What You Need to Know About Auto Loans

More than 100 million Americans have auto loans with financing on the rise. New cars cost over $30,000 on average, which necessitates financing for most people. Even used cars can be costly at more than $18,000 on average. Auto loans typically have a term of 3 to 5 years with competitive interest rates compared to other types of loans. This can make it easier to afford the purchase of a vehicle, especially with a down payment that can reduce the risk of becoming underwater on a car loan.

There are many places to get auto loans today. Many consumers believe the dealership is their only option, but dealers usually offer the worst deals for buyers because most buyers arrive unprepared for financing. National banks are the largest providers of auto loans and may offer the best deals for well-qualified buyers, but there are other options. “Captive” finance companies that belong to automakers like Ford and Honda usually offer the best deals because the automakers subsidize the loans. It’s also important to check with other lenders like local banks, credit unions, online lenders, and peer-to-peer networks.

Before shopping for an auto loan, make sure you’re armed with knowledge to come out ahead with the best deal. Think of your car loan as completely separate from the car itself to properly compare your options.

1. Compare

Not all loans are created equal. Even two loans with identical monthly payments may have vastly different terms that affect the long-term affordability of the loan. Focusing solely on the monthly payment can lead to a bad deal. To get the top loan for your needs, there are a variety of factors to consider:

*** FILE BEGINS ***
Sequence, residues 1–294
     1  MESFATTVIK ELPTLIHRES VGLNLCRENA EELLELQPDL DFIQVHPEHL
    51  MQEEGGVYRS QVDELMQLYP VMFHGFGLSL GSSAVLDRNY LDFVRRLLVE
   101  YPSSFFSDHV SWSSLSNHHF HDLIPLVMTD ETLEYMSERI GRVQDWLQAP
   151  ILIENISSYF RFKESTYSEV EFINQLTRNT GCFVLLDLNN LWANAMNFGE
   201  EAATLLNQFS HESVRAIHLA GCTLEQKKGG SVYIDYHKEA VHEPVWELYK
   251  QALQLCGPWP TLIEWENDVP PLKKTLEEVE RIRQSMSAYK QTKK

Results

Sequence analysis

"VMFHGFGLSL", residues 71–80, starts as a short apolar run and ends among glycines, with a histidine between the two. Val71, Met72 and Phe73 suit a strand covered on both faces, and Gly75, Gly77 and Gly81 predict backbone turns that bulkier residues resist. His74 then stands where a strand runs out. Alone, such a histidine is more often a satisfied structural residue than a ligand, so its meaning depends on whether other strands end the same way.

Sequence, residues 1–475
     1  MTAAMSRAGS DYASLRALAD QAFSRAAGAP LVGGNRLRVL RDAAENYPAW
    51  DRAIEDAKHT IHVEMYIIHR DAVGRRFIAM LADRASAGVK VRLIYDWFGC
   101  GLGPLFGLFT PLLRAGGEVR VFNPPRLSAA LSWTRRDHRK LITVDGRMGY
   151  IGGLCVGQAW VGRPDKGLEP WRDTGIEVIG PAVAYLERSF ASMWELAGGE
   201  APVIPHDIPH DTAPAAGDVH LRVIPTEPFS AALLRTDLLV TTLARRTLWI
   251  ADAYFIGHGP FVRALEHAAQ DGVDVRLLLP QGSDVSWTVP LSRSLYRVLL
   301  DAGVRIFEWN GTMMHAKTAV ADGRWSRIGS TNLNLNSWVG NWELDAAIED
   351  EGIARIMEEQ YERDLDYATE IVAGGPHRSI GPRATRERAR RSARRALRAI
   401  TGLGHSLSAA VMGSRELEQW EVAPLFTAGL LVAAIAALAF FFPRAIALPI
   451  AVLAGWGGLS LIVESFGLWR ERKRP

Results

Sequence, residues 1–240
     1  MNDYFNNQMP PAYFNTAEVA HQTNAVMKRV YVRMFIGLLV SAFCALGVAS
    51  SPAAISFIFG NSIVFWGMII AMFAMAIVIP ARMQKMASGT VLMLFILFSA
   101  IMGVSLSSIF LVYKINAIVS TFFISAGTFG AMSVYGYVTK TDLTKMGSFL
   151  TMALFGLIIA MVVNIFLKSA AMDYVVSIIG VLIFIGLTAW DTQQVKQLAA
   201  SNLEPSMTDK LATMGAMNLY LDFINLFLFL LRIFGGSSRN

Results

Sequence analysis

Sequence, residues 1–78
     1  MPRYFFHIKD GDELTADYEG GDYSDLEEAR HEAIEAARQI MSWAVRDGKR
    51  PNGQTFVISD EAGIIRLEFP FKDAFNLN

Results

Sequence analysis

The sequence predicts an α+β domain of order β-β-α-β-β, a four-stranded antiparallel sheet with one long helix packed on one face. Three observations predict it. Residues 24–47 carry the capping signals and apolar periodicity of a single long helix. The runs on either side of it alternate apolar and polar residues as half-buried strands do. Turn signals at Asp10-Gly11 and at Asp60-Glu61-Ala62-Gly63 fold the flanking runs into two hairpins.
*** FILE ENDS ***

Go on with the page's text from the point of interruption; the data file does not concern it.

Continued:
• APR. There’s a difference between the interest rate and APR on your loan. An annual percentage rate is a broader measure that includes other costs to borrow the money such as fees.
  • Term. The longer the term, the higher the cost of your loan, even though your monthly payments will be lower. A 3-year loan will cost less overall than a 5-year auto loan.
  • Prepayment penalties. Some car loans come with a major drawback: a prepayment penalty that is charged if you make extra payments or pay off your whole loan early. These prepayment penalties are designed to ensure the lender gets their full profit and it can prevent you from saving on interest charges or finding a better deal later.
  • Fixed or variable interest. A fixed rate will stay the same for the length of the loan for predictable monthly expenses while a variable interest rate can change and result in higher payments later.

There are many sources for auto loans, so compare loan quotes from banks, credit unions, online lenders, and dealerships. If you have excellent credit, a bank is likely to give the best rate whereas dealerships typically offer the top deals for borrowers with flawed credit who can’t get approved elsewhere. Dealers usually don’t offer the best deals, so it’s important to understand your options before you step foot on the lot. This will also give you bargaining power when it’s time to negotiate.